Um, since I don’t even know where I put the outline for this, yet, I haven’t worked out a title for it.  But here is where I hope to slot it in.  Here is also where my original scheduled plan starts to diverge from the new one.
  5. This Book Cannot Make Any Money
    Another side project that can be done alongside other books (since most of the work will actually be done in the time allotted for working on this blog).  This could actually be ready any time before or after this point, but I’m guessing that I’ll have it done by this point.
  6. Law of Swords, Book # 4
    This was GOING to be The Rink of War, the novel-length version of the short story\novelette, To The Rink of War.  Instead, I have to juggle in the sequels to my more popular series, so here’s where Law of Swords 4 goes in.
  7. ONE OF:  Rink of War OR Nine Tales of the Kitsune
    Nine Tales of the Kitsune is the first of my planned Anthology projects.  IF I think I can generate the interest from other authors without too much trouble (one of the things I hope to do at my upcoming convention appearances is network with other writers), I may get this set up for this slot.  Otherwise, Rink of War (mentioned above) will be bumped here.
  8. Shieldclads #3
    Juggling two successful series is going to be difficult, especially with my other projects included.  This project and the next might wind up flipped, depending on how things work out.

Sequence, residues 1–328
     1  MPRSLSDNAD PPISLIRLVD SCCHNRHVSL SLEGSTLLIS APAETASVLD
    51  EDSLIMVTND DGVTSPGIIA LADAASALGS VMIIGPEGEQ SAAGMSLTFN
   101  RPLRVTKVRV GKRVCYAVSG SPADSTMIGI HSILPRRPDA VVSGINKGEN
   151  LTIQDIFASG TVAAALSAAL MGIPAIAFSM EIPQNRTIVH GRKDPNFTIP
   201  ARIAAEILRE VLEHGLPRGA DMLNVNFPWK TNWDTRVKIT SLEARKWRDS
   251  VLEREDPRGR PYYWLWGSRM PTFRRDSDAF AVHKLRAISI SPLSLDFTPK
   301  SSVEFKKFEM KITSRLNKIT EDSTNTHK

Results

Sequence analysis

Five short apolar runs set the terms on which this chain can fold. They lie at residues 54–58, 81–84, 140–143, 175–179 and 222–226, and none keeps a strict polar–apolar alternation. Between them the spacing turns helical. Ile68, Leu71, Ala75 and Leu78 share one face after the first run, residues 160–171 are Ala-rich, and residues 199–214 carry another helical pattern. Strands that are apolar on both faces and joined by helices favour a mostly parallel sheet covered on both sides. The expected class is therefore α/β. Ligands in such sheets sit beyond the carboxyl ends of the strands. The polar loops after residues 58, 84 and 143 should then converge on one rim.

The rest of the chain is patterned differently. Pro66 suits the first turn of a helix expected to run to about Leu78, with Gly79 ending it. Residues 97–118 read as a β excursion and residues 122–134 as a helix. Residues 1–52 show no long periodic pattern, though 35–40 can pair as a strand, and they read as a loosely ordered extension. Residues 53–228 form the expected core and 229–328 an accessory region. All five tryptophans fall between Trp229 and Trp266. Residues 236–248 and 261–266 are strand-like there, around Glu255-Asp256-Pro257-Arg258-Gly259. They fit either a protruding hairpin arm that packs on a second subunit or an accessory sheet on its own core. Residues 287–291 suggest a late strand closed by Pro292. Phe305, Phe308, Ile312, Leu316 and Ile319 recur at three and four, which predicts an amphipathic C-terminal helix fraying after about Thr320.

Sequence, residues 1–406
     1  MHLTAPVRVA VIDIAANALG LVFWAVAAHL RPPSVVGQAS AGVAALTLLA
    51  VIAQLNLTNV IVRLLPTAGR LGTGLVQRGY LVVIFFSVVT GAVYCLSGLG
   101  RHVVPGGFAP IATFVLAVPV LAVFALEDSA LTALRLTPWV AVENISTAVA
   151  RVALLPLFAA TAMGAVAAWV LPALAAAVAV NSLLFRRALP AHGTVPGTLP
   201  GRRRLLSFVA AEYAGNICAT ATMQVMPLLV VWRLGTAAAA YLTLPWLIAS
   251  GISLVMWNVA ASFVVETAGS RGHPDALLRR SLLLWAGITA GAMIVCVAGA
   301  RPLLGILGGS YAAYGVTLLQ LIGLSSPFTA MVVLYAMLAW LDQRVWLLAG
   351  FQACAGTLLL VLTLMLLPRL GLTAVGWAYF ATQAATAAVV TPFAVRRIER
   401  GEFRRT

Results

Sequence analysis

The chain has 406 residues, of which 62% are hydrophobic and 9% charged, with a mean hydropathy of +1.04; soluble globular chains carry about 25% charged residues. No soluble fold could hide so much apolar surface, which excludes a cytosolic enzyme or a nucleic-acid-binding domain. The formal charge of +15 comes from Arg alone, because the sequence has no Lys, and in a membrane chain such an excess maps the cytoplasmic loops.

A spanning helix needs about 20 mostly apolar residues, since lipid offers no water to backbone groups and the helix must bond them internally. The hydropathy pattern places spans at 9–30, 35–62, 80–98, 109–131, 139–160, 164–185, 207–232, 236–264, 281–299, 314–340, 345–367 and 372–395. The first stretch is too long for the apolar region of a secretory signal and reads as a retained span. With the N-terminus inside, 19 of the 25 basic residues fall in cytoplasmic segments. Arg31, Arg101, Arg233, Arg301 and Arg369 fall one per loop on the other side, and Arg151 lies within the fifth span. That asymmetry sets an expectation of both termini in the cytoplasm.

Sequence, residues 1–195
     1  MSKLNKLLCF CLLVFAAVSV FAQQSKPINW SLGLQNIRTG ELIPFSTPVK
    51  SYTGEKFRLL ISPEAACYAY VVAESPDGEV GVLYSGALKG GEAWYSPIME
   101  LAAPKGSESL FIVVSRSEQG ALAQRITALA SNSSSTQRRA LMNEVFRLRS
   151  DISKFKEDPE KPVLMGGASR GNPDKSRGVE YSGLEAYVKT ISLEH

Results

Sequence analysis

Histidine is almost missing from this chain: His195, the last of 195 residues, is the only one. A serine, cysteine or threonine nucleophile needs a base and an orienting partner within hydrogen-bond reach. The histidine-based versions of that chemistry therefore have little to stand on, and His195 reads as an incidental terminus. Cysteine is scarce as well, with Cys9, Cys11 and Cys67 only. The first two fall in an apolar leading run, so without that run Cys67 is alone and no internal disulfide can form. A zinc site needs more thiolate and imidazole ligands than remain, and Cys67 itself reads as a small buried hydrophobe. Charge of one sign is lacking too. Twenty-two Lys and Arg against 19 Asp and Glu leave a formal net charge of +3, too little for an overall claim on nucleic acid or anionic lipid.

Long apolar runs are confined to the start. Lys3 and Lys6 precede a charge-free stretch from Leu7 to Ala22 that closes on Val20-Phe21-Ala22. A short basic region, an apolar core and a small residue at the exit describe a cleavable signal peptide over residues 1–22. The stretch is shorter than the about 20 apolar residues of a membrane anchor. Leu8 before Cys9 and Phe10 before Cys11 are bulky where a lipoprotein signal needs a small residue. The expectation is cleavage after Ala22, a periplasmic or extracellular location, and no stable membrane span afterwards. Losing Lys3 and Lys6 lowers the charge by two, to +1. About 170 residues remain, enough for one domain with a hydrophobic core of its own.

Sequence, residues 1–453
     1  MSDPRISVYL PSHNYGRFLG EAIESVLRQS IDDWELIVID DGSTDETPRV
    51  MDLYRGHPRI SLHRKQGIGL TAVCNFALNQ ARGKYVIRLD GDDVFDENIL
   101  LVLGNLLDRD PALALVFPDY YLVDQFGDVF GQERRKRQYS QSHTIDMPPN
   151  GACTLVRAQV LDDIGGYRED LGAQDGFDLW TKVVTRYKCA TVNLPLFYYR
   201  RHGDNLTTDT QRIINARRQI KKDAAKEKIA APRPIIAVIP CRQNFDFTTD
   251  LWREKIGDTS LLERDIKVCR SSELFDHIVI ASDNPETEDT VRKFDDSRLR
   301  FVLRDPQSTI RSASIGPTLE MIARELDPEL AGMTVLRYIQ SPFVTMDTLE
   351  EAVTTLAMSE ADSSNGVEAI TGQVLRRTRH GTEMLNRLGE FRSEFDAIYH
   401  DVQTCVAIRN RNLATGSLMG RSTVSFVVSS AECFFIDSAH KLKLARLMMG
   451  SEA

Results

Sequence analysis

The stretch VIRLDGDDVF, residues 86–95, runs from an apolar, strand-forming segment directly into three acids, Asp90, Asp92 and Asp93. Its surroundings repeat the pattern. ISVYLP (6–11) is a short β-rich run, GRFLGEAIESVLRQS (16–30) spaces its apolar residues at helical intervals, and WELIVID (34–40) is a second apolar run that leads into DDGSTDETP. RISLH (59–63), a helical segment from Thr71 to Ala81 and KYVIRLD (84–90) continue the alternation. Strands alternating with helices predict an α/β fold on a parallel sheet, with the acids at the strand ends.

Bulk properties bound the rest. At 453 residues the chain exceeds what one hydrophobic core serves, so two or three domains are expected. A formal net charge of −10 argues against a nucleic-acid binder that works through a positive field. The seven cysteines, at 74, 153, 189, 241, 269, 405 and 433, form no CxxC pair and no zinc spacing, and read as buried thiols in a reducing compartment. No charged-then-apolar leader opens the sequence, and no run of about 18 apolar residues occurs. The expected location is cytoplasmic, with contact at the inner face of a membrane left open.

9. Law of Swords, Book # 5
    This should CONCLUDE the Law of Swords series.  I may revisit this world again, but with the series ended the schedule will be freed up for more “new” projects.
  10. Inari’s Children, Book # 3
    Current plans have this as the concluding book, but I’m not happy with the outline for this one.  If the relaunch of The Kitsune Stratagem is successful, I’ll rewrite the outline spreading the story into at least four books; otherwise, I’ll revamp it to conclude the series here.

And that’s all I can queue up at this point.  I still have more books planned outside of what you see here (including more Shieldclads, an anthology and possible sequels to Rink of War, some supplementary material for all of my series, and another sci-fi series dealing with a chubby pilot, his mind-reading girlfriend, and a space racing jalopy), and it’s possible one of those won’t let me go until I slip it in somewhere, but for the moment that’s as far as I have planned.

Edit:  Spammers are really going to town; I already have to shut down the comments on this one.

Observations From My First Experience with Kindle Select

We’ll get to a discussion of The Merrimack Event in a moment, but first I have a bit of news:  I must not have embarrassed myself too badly, because Ravencon wants me back.  That makes TWO conventions (both in the same Williamsburg hotel, oddly enough) willing to let a self-published hack (whose newly released book has been in the top-500 for much of this week, and was tagged as  Amazon’s number one hot new release in certain subgenre) appear as a guest speaker.

I haven’t yet requested a reading, book signing, table, or similar opportunity for hand-selling my books at either Ravencon or Marscon.  I’ve certainly considered it, but I haven’t had the technical capabilities nor (consequently) have I bothered to fill out the sales tax forms needed to hand-sell books.